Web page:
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Brian
Brian, Ford Shop Foreman
Category: Ford
Satisfied Customers: 1353
Experience:  Ford Senior Master certified Tech, 34 years Ford technician.
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I have a 1999 Ford F-150 5.4 and the right timing chain is

Resolved Question:

I have a 1999 Ford F-150 5.4 and the right timing chain is knocking. I installed new timing chains and oil tensioners, a new oil pump, I can see where the timing chain is rubbing on the cover. What can I do to stop this timing chain from knocking? Can I install a larger compresson spring to keep the chain tight?
Submitted: 4 years ago.
Category: Ford
Expert:  Brian replied 4 years ago.
I would not recommend a larger spring, the tensioner should be capable of taking up the slack in the chain, the guides may have worn to the point where they allow too much slack, other than that, you replaced the tensioner and the chain is new, assuming the parts are the right ones, if the guides weren't replaced, they may be the cause.
Customer: replied 4 years ago.

If you are refering to the plastic guides for the chain tensioner they have been replaced with new ones. I also inspected all parts with the old parts they are correct. It is clear to me when the engine is running the tensior is not working correctly. Can anything else not be working?

Expert:  Brian replied 4 years ago.
The chain tensioners are spring loaded and also oil pressure fed, there is an oring on the back of the tensioner, this should have come with the new tensioner, I don't think you have an oil pressure problem or you would have other problems, the only other things I would recommend to check is the oring seal on the back of the tensioner, make sure it is in place and not cut or torn so that it would leak pressure, also make sure the is no obstruction in the oil feed hole for the tensioner.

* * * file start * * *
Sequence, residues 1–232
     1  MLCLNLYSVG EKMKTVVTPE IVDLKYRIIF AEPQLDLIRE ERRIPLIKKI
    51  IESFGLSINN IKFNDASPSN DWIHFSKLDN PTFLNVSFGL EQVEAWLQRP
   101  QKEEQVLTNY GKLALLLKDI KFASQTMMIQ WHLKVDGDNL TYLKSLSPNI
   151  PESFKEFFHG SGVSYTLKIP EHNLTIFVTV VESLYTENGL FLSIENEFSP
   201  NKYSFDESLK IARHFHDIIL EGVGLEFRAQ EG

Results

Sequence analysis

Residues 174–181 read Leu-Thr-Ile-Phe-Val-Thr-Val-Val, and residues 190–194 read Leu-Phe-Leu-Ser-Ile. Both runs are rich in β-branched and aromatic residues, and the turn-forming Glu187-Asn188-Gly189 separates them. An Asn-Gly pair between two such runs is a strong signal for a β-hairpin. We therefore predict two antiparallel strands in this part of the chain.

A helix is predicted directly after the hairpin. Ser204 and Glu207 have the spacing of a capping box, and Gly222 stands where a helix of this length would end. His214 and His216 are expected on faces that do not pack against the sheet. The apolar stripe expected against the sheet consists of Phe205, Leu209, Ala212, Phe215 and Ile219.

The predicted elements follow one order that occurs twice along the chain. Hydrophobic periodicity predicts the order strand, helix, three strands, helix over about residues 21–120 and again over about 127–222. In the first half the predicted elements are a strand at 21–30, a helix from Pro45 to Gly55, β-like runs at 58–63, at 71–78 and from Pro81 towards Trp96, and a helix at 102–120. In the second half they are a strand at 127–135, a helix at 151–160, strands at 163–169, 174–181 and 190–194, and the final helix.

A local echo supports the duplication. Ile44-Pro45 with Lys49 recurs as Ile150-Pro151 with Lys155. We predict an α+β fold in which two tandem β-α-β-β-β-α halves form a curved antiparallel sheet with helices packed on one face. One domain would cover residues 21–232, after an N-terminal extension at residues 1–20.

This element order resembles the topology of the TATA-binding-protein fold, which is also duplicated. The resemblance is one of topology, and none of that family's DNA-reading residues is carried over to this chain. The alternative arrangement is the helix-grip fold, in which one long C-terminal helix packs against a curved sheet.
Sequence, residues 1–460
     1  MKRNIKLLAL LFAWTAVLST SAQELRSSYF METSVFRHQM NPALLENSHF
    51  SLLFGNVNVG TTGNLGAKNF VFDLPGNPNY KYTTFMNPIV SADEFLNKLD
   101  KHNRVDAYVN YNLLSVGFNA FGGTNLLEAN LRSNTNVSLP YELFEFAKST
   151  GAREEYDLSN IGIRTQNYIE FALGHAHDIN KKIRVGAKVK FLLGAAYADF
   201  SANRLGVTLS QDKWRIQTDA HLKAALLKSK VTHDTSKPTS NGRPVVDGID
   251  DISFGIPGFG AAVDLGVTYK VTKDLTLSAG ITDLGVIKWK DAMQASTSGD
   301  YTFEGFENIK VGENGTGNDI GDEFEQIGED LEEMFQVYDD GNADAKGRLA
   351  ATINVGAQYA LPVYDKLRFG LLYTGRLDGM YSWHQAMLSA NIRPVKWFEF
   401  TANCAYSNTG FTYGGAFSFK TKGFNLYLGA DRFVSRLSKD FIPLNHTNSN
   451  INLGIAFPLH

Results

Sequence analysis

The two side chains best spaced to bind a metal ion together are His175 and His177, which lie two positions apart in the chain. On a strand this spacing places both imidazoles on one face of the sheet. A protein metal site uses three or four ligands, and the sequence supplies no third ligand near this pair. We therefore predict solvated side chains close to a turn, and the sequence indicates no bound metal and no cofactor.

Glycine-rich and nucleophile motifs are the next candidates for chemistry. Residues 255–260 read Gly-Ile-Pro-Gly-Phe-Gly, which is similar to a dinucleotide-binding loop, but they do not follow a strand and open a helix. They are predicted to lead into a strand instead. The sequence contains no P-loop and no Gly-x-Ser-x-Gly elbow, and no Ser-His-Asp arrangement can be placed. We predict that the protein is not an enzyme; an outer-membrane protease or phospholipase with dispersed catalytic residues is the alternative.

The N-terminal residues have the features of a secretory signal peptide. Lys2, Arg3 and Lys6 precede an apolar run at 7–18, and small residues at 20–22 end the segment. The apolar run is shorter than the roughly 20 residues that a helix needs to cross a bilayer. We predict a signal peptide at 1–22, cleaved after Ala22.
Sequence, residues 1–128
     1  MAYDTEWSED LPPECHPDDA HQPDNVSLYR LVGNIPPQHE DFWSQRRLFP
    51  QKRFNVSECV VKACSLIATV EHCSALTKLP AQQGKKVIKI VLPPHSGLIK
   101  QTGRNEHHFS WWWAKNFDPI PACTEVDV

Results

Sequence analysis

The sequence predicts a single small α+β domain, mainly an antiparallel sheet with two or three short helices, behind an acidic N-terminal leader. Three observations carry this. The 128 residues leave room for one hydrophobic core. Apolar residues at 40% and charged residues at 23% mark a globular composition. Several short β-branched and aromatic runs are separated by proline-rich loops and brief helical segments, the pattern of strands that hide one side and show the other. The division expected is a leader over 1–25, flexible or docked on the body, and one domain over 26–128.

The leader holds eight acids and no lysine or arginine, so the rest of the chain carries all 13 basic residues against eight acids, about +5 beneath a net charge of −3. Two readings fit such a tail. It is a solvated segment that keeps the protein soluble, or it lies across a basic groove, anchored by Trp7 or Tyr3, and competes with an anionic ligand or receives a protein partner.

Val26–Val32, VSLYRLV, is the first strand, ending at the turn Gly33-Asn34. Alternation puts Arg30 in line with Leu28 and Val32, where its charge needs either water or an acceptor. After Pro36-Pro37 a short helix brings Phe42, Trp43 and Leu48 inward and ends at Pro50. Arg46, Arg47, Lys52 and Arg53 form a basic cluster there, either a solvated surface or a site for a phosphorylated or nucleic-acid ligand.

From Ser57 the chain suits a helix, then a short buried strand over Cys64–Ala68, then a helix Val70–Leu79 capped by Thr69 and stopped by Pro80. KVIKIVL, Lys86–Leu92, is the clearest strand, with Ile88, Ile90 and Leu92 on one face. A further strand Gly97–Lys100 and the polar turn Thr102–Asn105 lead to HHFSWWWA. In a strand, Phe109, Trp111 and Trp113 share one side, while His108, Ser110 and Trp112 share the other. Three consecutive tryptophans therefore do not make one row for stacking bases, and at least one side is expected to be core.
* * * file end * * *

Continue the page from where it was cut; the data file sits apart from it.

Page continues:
Customer: replied 4 years ago.
I did not install oil ring on the oil tensioners. I also, did not recall oil rings coming with the new tensioners. What is the best way to inspect for obstructions? Where is the oil ring located ( the oil feed hole)?
Expert:  Brian replied 4 years ago.
The feed hole is directly behind where the tensioner bolts to the block. The oring is installed on the back of the tensioner. If your original tensioner didn't have an oring on it, the new one might not have one, some of them did not come with an oring and sealed together by the machined surface of the block and the tensioner, if it is supposed to have an oring, there will be a cutout on the back of the tensioner where it would go, if is a flat machined surface, an oring is not required.
Customer: replied 4 years ago.
Please explain the correct operation of the tensions. This is my thoughts the compression spring holds tension on the chain until the engine is started and then additional pressure is applied when the engine is started with oil pressure. Please elaborate further on the correct operation. I have had this engine apart a few times and I am missing something on the right timing chain. Please help.
Expert:  Brian replied 4 years ago.
You are correct, that is how they function.
Customer: replied 4 years ago.
When the engine is running I can here the chain slapping the timing chain cover. I also, have observed wear on the timing chain cover. Apparently, I am not getting any oil pressure to the tensioner. I know the oil comes up through the head and goes to a port for the tensioner. I have checked the oil flow at the top of the head and blew air through the port to the tensioner. I had the valve cover off observing the oil flow at the back of the right head. What are your suggestions?
Expert:  Brian replied 4 years ago.
The only thing would be a restriction to the tensioner port through the head, since you know you have pressure up to the head, I wish I could be of more help, but this is uncommon and not very easy to diagnose since you can't run the engine with the timing cover off.
Customer: replied 4 years ago.

How much tension is applied by the tensioner to the chain when oil pressure is applied? If this much tension was applied before the engine was started would it effect the timing of the engine?

Expert:  Brian replied 4 years ago.
No, the spring tension is there to prevent the chain from "slopping around" during starup and the oil pressure is to maintain tension as load increases to keep it in time, that was a downfall of the old single chain with a cam and a crank gear, the slack would allow timing to vary as much as 10-15 degrees on accell and deccel if the chain was worn. But the chain shouldn't be able to move that much to affect timing.